Alicia Munnell, a senior vice president at the Federal Reserve Bank of Boston, has built on Aschauer's work to calculate the potential benefits of rebuilding America's core infrastructure. Her figures show that until 1973, public investment in core infrastructure was growing about 2 percent per year more rapidly than the labor force. On average, each American worker had 2 percent more public capital at his disposal each year.

But since then, growth in infrastructure has lagged behind growth in the labor force. On average, American workers of today are supported by a lesser investment in roads and airports than workers of a generation ago.

Munnell calculates that investing enough in public infrastructure to keep pace with growth in private capital spending could increase labor productivity by nearly 1 percentage point per year. Over a decade or two, that additional growth would compound into a substantially higher standard of living.

Bush and Skinner's transportation policy statement emphasizes toll roads, gasoline taxes, charges on airport users, and similar ways of financing transportation spending. Many of these steps are worth taking on their own merits.

But I fear that these steps by themselves won't provide the needed boost in infrastructure spending.

State and local governments will spend money on transportation as their constituents demand it, but a better transportation system in one city or state provides (sometimes indirect) benefits to consumers and workers and travelers all around the country. States and localities will tend to underinvest in transportation, because they have little reason to take these benefits to non-constituents into account. The interconnected system of roads and airports is worth more than the sum of its parts.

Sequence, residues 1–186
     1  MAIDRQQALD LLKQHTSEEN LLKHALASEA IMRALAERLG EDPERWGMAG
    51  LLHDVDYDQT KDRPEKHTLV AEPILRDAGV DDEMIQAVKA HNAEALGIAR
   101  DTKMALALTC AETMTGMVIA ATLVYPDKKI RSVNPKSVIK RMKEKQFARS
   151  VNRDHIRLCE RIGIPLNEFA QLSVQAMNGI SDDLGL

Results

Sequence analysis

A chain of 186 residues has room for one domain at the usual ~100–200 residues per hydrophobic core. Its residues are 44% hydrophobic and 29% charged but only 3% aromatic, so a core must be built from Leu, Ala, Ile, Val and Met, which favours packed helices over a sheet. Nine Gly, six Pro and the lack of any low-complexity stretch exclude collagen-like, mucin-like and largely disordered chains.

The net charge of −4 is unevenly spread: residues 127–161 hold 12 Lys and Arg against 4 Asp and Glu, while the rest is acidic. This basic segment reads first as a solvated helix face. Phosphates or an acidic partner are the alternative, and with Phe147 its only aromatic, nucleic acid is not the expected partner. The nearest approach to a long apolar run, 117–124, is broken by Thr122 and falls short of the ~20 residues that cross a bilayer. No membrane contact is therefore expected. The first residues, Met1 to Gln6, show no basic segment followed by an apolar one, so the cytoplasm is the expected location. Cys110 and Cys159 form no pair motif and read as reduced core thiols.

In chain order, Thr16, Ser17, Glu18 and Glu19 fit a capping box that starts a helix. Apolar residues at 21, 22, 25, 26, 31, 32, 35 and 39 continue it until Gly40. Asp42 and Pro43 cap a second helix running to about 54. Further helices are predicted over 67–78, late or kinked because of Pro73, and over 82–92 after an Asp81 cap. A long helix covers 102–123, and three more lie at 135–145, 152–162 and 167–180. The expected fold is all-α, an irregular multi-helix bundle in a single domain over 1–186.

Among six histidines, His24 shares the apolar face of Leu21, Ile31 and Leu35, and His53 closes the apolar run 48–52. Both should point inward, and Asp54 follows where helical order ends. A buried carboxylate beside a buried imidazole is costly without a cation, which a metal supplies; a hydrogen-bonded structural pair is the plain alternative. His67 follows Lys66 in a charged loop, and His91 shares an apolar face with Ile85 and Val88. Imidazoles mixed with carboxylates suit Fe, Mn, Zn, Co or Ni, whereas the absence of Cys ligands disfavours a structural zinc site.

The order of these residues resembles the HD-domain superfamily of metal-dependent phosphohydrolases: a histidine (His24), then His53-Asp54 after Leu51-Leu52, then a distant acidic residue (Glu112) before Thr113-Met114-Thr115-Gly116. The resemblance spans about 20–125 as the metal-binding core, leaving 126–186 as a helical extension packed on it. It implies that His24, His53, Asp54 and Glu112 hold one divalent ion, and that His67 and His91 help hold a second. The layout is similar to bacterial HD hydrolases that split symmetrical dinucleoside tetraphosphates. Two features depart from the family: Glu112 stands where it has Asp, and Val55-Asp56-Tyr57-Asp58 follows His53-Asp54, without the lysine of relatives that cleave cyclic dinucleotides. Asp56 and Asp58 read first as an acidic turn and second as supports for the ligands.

Bush and Skinner's transportation statement shows little awareness of the important role that the federal government has to play in overseeing the entire grid of transportation, and in helping to fund it. The federal government doesn't need to put up all or even most of the money, but federal financial incentives can have a big effect on the willingness of state and local governments to undertake such projects.

Reducing the federal budget deficit is tremendously important, but rebuilding and improving America's core infrastructure may be one of the few federal spending programs that is even more important for long-run economic health.

From the end of World War II until 1973, the public infrastructure of highways, mass transit, airports, ports, and so on increased more rapidly than the American labor force. Since then, however, the labor force has grown more rapidly than the infrastructure. This chart shows the average annual change in non-military public capital and in the labor force.

Years public Change in

Change in
labor stock

1948-53 3.2% 1.4%
1953-60 4.1% 0.4%
1960-69 4.7% 1.9%
1969-73 2.8% 1.5%
1973-79 1.6% 2.1%
1979-87 1.0% 1.4%

Source: Alicia H. Munnell, "Why Has Productivity Growth Declined? Productivity and Public Investment," New England Economic Review, January-February 1990.